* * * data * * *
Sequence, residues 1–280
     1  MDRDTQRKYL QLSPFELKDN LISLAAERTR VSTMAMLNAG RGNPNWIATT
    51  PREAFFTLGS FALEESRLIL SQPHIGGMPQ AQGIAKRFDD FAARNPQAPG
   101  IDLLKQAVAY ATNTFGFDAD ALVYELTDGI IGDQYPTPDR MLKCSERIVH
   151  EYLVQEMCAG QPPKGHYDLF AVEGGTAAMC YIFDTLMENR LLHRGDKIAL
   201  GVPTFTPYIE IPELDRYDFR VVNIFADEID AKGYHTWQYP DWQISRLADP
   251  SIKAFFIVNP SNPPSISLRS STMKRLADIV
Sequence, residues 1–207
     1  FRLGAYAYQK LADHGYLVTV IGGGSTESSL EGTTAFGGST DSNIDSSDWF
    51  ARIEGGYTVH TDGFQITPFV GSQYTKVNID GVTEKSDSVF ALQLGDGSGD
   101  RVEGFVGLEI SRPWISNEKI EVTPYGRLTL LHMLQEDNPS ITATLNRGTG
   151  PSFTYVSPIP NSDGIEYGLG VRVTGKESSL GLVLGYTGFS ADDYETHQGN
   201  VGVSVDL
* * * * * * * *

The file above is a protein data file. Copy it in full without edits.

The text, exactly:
Sequence, residues 1–280
     1  MDRDTQRKYL QLSPFELKDN LISLAAERTR VSTMAMLNAG RGNPNWIATT
    51  PREAFFTLGS FALEESRLIL SQPHIGGMPQ AQGIAKRFDD FAARNPQAPG
   101  IDLLKQAVAY ATNTFGFDAD ALVYELTDGI IGDQYPTPDR MLKCSERIVH
   151  EYLVQEMCAG QPPKGHYDLF AVEGGTAAMC YIFDTLMENR LLHRGDKIAL
   201  GVPTFTPYIE IPELDRYDFR VVNIFADEID AKGYHTWQYP DWQISRLADP
   251  SIKAFFIVNP SNPPSISLRS STMKRLADIV
Sequence, residues 1–207
     1  FRLGAYAYQK LADHGYLVTV IGGGSTESSL EGTTAFGGST DSNIDSSDWF
    51  ARIEGGYTVH TDGFQITPFV GSQYTKVNID GVTEKSDSVF ALQLGDGSGD
   101  RVEGFVGLEI SRPWISNEKI EVTPYGRLTL LHMLQEDNPS ITATLNRGTG
   151  PSFTYVSPIP NSDGIEYGLG VRVTGKESSL GLVLGYTGFS ADDYETHQGN
   201  VGVSVDL